The Office for Transnational Financial Equalization
2020 - 2021
Info about public moments for projects will be updated on social media.
The Office for Transnational Financial Equalization is an initiative of independent Congolese and Swiss artists and cultural institutions. The idea for the initiative was born during the work on the projects Hercules of Lubumbashi by the Congolese choreographer Dorine Mokha and the Swiss musician Elia Rediger and The Congo Tribunal by the Swiss director Milo Rau, the dramaturg Eva-Maria Bertschy and the Congolese lawyer and human rights activist Sylvestre Bisimwa, and was developed in close collaboration with Centre d’art Waza and its director Patrick Mudekereza.
It is based on a network of artists, civil society organizations and cultural institutions that were involved in the two projects and that now extends its reach beyond national borders with each new project. The overarching goal of The Office for Transnational Financial Equalization is to advance the production and dissemination of art and culture in the DRC and initiate debates on the relationship between the so-called neo-extractivism of the mineral business and art production.
The publication of the Paradise Papers in 2017 brought to light a corruption scandal detailing the problematic manner in which the Swiss raw materials giant Glencore secured mining concessions for the two largest cobalt mines in the Katanga mining region. The revealed cost of this deal, USD 445 million, is equivalent to what the DRC government spends annually on education and culture, and is only a fraction of the revenue the Congolese state loses through corruption and tax avoidance in the mining industry which therefore cannot be invested in cultural and social activities.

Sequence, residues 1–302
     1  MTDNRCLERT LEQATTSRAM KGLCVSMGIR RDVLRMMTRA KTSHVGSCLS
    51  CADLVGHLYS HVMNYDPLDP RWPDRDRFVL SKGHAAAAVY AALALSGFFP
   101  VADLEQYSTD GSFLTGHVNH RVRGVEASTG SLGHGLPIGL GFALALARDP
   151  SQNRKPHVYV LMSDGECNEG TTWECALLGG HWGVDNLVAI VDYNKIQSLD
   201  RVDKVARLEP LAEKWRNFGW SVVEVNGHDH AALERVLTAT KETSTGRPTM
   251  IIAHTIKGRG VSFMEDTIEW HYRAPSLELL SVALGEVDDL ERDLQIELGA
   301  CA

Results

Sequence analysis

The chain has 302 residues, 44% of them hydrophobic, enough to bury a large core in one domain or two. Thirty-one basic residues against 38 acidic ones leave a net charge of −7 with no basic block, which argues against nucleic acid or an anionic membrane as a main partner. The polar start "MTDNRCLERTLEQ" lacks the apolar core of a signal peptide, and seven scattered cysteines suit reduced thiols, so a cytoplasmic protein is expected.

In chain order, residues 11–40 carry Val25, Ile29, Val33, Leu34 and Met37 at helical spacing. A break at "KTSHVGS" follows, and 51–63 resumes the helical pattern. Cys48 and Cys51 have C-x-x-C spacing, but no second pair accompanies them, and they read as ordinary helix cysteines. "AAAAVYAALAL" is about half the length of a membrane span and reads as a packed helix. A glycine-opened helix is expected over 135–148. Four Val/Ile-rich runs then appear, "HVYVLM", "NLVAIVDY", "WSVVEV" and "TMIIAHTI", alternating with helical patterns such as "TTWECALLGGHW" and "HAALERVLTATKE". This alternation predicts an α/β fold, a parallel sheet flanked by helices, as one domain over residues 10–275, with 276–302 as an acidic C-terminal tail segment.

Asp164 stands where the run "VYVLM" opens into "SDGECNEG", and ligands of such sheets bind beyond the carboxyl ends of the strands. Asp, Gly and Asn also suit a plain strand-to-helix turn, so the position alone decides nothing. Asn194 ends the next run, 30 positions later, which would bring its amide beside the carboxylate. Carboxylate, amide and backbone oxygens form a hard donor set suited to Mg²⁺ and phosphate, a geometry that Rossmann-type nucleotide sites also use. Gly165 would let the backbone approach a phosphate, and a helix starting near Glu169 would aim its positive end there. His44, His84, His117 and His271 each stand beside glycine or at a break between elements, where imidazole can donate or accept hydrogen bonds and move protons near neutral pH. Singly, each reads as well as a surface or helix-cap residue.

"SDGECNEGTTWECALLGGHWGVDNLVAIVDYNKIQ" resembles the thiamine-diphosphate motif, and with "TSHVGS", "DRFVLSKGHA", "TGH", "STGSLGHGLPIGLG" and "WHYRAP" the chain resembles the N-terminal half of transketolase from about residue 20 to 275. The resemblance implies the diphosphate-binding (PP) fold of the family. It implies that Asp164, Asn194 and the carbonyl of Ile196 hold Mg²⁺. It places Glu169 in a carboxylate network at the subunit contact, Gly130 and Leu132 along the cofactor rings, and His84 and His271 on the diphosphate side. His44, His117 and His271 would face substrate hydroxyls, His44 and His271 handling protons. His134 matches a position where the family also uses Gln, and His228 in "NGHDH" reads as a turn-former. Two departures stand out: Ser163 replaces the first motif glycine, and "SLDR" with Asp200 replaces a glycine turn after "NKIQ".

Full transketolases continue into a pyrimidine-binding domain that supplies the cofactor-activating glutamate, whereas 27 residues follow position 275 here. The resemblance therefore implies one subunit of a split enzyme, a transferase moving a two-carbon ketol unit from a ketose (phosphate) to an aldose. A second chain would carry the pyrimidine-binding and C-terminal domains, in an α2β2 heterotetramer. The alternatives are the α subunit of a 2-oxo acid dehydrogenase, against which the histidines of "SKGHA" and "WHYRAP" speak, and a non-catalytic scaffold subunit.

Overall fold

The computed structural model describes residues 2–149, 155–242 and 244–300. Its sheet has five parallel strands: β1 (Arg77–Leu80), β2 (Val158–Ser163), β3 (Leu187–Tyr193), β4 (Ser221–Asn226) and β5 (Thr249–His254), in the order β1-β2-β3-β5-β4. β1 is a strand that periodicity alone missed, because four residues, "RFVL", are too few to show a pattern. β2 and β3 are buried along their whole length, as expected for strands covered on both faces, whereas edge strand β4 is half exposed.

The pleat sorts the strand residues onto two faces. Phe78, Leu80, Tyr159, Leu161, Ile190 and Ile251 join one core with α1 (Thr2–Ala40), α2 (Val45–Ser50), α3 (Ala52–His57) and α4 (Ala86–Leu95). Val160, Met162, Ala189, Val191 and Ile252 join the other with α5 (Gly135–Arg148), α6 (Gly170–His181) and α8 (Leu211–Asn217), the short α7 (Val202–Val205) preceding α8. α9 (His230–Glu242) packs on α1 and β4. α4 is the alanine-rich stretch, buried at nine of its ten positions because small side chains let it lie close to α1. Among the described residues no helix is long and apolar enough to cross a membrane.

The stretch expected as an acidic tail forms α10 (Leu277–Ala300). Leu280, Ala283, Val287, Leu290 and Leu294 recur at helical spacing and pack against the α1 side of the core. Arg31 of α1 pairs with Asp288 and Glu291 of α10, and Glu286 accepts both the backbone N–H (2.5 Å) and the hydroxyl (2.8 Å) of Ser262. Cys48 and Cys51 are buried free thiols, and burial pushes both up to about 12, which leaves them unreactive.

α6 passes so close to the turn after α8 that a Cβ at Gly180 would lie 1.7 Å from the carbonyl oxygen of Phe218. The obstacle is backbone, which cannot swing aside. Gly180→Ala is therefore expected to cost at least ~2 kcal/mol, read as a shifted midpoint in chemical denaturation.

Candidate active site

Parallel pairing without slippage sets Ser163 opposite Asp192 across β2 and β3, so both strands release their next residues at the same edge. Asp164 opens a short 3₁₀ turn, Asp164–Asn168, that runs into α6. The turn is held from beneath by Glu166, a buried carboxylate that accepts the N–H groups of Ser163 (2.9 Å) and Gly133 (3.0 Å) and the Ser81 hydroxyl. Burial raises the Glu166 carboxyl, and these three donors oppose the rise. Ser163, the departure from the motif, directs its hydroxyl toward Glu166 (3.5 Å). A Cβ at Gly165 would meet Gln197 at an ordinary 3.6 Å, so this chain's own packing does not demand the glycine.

Artists in the region are almost completely reliant on international projects and support from European cultural foundations for their livelihood. The COVID-19 pandemic and restrictions on travel has highlighted the precariousness of this system. Additionally, European productions that engage with the mining and socio-political context in the DRC invest the bulk of their budgets in wages and travel of European artists to the DRC for research towards works that are shown exclusively in Europe. Within the region there is no framework or local funding support for the production and presentation of arts and culture.
OBJECTIVES & PROJECTS
From this basis, The Office for Transnational Financial Equalization looks to explore formats of transnational artistic production that raise awareness about the economic disparities and links between Switzerland and the DRC, limit the need for international travel, are jointly initiated with at least 50% of the fees paid to artists in DRC and which are made available to the public in both Switzerland and the Katanga region of the DRC.
The Office for Transnational Financial Equalization will launch with a programme of four pilot projects that examine economic interrelationships, develop formats for transnational cooperation and promote public debate around state cultural policy and cultural infrastructure. The longer-term goal of the initiative also focuses on rejuvenating neglected state theatres and museums in the Katanga region.
Hercules of Lubumbashi
Shortly before the lockdown, the oratorio Hercules of Lubumbashi was presented in the parliament house of the eponymous mining town in the Democratic Republic of Congo. The joint project of the Congolese choreographer and dancer Dorine Mokha and Elia Rediger, a Swiss musician and composer focuses on the increasing demand for cobalt, on corruption and exploitation in the mining industry and the destruction of the environment.